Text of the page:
Monday, February 27, 2012

Perez and Republic Bank vs. Monetary Board [G.R. No. L-23307 June 30, 1967]

Facts: This action was instituted by Damaso Perez to compel the Monetary Board, the Superintendent of Banks, the Central Bank and the Secretary of Justice to prosecute, among others, Pablo Roman and several other Republic Bank officials for violations of the General Banking Act (Secs. 76-78 & 83) and the Central Bank Act, and for falsification of public or commercial documents in connection with certain alleged anomalous loans amounting to P1,303,400 authorized by Roman and the other bank officials. 

The respondents assailed, in their respective answers, the propriety of mandamus. 

(a) The Secretary of Justice claimed that it was not their specific duty to prosecute the persons denounced by Perez. 

(b) The Central Bank and its respondent officials, averred that they had already done their duty under the law by referring to the special prosecutors of the Department of Justice for criminal investigation and prosecution those cases involving the alleged anomalous loans. 

On January 20, 1964, the Monetary Board of the Central Bank passed Resolution No. 81 granting the request of Republic Bank (intervenor) for credit accommodations to cover the unusual withdrawal of deposits by its depositors in view of the fact that said Bank was under investigation then by the authorities. The grant, was conditioned upon the execution of a voting trust agreement in favor of a Board of Trustees to be chosen by the latter with the approval of the Central Bank. Thus, Pablo Roman and his family (the controlling stockholders of Republic Bank) then executed a voting trust agreement, which was then superseded by another one with the Philippine National Bank as the trustee. In view of these developments, the intervenors-appellees filed a motion to dismiss before the lower court claiming that the ouster of Pablo Roman and his family from the management of the Republic Bank effected by the voting trust agreement rendered the mandamus case moot and academic. Respondents-appellees also filed motion to dismiss in which they again raised the impropriety of mandamus. Acting upon the two motions and the oppositions thereto filed by petitioners, the lower court granted the motions and dismissed the case. Hence, this appeal. 

Issue: Whether or not the ouster of Pablo Roman from Republic Bank’s management and control renders moot the issues in the case, and that the remedy of mandamus should lie. 

Held: NO. Damaso Perez and Republic Bank cannot seek by mandamus to compel respondents to prosecute criminally those alleged violators of the banking laws. The remedy of mandamus is improper. 

Although the Central Bank and its respondent officials may have the duty under the Central Bank Act and the General Banking Act to cause the prosecution of those alleged violators, yet nothing in said laws that imposes a clear, specific duty on the former to do the actual prosecution of the latter.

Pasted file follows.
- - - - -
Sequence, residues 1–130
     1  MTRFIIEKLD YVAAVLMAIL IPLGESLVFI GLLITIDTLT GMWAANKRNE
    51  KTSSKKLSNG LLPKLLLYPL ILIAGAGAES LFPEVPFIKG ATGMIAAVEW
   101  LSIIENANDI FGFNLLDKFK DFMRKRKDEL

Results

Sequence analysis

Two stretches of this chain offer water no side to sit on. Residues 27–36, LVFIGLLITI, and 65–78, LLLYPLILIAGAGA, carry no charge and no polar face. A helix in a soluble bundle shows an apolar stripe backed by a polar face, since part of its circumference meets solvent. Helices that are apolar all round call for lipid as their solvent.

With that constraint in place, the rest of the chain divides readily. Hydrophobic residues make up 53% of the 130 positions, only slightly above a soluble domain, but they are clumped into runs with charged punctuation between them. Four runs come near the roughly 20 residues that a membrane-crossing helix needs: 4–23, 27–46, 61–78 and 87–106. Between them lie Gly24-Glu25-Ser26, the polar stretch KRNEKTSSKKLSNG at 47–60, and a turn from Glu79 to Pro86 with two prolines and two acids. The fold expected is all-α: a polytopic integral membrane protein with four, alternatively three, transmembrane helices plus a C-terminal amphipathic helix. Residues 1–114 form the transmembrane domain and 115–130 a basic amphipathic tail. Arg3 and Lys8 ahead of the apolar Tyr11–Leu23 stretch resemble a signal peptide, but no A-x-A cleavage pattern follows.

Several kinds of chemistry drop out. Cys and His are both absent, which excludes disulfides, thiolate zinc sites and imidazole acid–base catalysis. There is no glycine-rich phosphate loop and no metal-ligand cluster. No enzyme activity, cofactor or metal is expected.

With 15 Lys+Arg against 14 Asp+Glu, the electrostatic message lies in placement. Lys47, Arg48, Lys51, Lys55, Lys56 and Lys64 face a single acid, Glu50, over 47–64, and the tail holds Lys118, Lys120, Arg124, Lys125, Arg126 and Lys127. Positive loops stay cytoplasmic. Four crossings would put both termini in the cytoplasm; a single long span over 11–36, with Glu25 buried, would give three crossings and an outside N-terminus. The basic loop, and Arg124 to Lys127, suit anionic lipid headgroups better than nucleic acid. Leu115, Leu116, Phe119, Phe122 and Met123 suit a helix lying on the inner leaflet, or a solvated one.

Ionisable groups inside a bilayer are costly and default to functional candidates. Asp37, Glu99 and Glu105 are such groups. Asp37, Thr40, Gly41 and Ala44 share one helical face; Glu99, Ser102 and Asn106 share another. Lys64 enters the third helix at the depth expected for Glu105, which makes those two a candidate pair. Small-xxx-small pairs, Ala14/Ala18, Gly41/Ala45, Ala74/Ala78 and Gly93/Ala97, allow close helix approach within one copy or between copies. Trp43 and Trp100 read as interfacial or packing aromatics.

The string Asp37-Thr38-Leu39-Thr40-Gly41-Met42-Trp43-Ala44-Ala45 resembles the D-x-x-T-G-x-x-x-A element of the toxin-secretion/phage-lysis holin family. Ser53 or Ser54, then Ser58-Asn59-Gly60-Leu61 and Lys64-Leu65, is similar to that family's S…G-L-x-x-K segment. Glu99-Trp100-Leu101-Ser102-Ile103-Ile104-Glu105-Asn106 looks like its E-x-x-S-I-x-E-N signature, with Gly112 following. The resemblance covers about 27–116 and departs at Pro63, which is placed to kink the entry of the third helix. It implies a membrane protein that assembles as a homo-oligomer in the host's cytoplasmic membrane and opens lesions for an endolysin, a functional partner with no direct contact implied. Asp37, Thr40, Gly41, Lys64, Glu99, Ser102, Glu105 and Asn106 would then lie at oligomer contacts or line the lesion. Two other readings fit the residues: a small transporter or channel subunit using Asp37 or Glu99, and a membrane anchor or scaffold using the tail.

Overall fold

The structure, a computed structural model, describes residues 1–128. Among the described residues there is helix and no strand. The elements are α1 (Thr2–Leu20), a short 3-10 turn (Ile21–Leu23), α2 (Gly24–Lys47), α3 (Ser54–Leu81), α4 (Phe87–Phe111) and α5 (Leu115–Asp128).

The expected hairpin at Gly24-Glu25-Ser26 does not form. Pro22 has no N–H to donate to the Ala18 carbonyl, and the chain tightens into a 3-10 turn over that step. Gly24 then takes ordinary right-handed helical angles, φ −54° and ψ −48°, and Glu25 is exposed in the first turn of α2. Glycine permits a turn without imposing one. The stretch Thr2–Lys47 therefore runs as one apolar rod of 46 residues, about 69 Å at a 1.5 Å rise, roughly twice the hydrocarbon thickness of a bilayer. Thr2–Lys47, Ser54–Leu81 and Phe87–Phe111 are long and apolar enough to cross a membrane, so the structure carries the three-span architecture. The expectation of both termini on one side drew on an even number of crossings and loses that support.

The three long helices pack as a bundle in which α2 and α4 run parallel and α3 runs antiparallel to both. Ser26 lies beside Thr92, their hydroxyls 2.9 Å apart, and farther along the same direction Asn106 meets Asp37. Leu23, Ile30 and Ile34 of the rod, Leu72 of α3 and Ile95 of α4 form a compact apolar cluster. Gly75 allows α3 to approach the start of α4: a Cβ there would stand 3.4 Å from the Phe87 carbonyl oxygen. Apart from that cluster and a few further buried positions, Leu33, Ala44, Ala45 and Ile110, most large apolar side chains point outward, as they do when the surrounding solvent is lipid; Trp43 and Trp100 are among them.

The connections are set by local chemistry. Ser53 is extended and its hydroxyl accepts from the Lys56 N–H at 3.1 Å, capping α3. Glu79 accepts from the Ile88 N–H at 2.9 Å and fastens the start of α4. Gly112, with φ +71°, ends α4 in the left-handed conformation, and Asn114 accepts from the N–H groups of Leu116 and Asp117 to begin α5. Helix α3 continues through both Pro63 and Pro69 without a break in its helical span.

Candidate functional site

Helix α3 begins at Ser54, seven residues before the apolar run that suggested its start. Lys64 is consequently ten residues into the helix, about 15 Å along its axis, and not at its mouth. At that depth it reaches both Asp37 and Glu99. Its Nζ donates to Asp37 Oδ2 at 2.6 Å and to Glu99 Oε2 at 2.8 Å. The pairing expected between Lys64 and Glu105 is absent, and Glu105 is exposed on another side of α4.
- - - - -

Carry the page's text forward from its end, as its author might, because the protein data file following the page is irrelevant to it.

The Central Bank is a government corporation created principally to administer the monetary and banking system of the Republic, it is not a prosecution agency like the fiscal's office. Being an artificial person, The Central Bank is limited to its statutory powers and the nearest power to which prosecution of violators of banking laws may be attributed is its power to sue and be sued. But this corporate power of litigation evidently refers to civil cases only. 

The Central Bank and its respondent officials have already done all they could, within the confines of their powers, to cause the prosecution of those persons denounced by Perez. Annexes show that the cases of the alleged anomalous loans had already been referred by the Central Bank to the special prosecutors of the Department of Justice for criminal investigation and prosecution. For respondents to do the actual prosecuting themselves, as petitioners would have it, would be tantamount to an ultra vires act already. 

As for the Secretary of Justice, while he may have the power to prosecute — through the office of the Solicitor General — criminal cases, yet it is settled rule that mandamus will not lie to compel a prosecuting officer to prosecute a criminal case in court. 

Moreover, it does not appear from the law that only the Central Bank or its respondent officials can cause the prosecution of alleged violations of banking laws. Said violations constitute a public offense, the prosecution of which is a matter of public interest and hence, anyone — even private individuals — can denounce such violations before the prosecuting authorities. Since Perez himself could cause the filing of criminal complaints against those allegedly involved in the anomalous loans, if any, then he has a plain, adequate and speedy remedy in the ordinary course of law, which makes mandamus against respondents improper.

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